Tuesday, 2 July 2013


Level: Explicit
Genre: Fantasy/Horror >Vampire
Obtained: Purchased at  Border's
Reviewed by: Nic Echo

So it's been forever and a day since I have posted, and for that I apologise. I could come up with a variety of excuses, but no, I simply did not feel like reading. It was one of those I enjoyed reading when I opened the book, but the thought of picking up the book was simply very meh to me. Bad reviewer. Shame on me, I know, and because of it, I am now very far behind on my Anita Blake reread. Anyway, on with the review.

Like the Necroscope cover, this cover also easily conveys that you are about to delve into a book of terror. Although I personally do not like it as much as its predecessor, it is still wicked awesome. Even without it having the word Necroscope on it, you would be able to tell that it was part of the series. It's also neat to see the skull take on a wolfish appearance as many vampire lore has it where they can take on the shape of a wolf or have the ability to control wolves. Once again, we have a terrifying yet simple cover that is bound to bring in it wanted readers.

About the Book:
The UK E-branch had thought all of the vampire menace was eradicated. Boy were they mistaken. Not only is there still vampire spawn in the world, but it's in their very own country. Harry Keogh, nercoscope, finds this out when he learns more of Thibor's past and that Thibor has planted a bit of himself in a pregnant woman, resulting in the dreaded Yulian Bodescu. Meanwhile, they have the KGB getting in their way as they try to take out the source, causing more danger for our heroes.

Rating: 9/10
Before I go more in depth of my review, I would like to point out that this barely made a nine instead of a ten, and honestly, I felt that was more a personal choice than the book's quality. Really the only thing that brought this book down for me was when I was reading about Thibor's past (well until we got to Faethor). He was just very much the fearsome warrior, which is not something I find all that interesting so getting through that was a bit of a drag. Still, it was interesting to see where Thibor had come from, what he was like, and how he had become a vampire. It was also interesting to see the power play between Faethor and Thibor as both constantly try to come out on top.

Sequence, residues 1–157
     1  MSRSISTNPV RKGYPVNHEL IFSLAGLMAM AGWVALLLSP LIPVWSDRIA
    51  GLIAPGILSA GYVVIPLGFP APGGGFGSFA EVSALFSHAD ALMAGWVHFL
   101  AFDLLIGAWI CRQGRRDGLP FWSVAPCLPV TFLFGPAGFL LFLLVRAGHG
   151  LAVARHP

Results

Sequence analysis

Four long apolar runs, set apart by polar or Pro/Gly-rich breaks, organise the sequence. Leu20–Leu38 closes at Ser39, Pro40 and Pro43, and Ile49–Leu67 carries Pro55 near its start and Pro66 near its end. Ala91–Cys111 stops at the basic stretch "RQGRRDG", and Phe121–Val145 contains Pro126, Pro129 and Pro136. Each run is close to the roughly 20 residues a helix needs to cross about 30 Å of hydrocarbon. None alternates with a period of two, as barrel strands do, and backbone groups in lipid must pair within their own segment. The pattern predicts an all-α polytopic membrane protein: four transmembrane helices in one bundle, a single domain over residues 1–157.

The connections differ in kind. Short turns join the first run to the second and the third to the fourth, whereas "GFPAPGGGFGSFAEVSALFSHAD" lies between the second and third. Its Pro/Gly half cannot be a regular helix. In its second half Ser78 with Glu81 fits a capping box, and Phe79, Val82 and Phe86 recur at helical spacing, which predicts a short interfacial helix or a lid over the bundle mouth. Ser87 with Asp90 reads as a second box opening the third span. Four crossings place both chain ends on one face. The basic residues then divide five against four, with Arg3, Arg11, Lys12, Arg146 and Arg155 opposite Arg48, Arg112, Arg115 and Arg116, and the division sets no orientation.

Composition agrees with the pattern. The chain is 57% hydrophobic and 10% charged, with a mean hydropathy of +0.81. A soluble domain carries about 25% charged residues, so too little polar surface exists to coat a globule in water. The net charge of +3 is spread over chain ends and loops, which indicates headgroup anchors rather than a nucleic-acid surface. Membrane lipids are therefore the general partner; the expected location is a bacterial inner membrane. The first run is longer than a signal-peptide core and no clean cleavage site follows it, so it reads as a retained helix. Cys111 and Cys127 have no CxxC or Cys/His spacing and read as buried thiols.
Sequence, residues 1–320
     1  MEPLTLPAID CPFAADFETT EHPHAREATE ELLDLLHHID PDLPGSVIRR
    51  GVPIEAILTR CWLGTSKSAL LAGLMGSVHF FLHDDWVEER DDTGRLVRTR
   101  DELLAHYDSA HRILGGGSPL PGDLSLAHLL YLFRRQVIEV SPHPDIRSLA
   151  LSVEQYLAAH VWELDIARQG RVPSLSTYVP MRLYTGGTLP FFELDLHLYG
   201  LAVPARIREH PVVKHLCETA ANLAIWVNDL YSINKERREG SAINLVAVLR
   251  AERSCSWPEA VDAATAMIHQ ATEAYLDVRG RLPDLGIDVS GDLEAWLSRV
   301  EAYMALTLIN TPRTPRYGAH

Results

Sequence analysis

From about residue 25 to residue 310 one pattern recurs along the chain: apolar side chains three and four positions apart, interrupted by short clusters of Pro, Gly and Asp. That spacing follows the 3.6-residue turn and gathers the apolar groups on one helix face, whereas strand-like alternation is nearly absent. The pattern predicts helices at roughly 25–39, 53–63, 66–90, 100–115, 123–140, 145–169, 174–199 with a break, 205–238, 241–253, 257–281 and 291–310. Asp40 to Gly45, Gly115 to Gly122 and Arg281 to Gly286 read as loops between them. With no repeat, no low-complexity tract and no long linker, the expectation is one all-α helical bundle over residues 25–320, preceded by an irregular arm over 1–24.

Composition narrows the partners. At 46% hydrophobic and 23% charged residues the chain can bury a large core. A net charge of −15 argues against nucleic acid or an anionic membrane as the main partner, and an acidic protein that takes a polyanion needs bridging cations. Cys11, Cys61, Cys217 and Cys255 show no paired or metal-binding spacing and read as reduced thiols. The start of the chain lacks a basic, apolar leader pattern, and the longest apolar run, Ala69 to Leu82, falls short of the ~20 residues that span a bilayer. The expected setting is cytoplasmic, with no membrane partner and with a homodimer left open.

Easily, my favourite bit of the book was when Yulian Bodescu was on the page as we got to witness his coming into power and his depravity worsen as his vampiric nature took a hold of him more. We also get to see the going ons of the E-Branches and Harry Keogh. Sadly, for reasons I am unable to divulge, Harry had less to do in this book and pretty much just went around collecting information. He still managed to have some major problems of his own though, which ended up leading to an amazing twist at the book's end. Brian Lumley certainly knows how to write some amazing climaxes. I guess that leaves us to look at the E-branches. This time, there is less of the UK vs. USSR as both want the vampire problem dealt with. Well, someone in the USSR E-Branch wants to use them and is still determined to get any information they can on the UK E-branch so the KGB start sticking their noses into the E-branch's affairs. 

Unfortunately, I don't really feel there is much else I can comment on when it comes to Vamphyri! as its good qualities and features are pretty much on par with Necroscope. Both are unique, but as Vamphryi! is the second is the series, it's not as new. Still, it leads us deeper into the world and its characters and still manages to have an entertaining plot that, while similar to the one in Necroscope, varies enough that it doesn't feel that we are walking the same path. Is it one of my favourites in the Necroscope series? No. Would I still recommend it? Hell yes!

What I'm Reading Next:     

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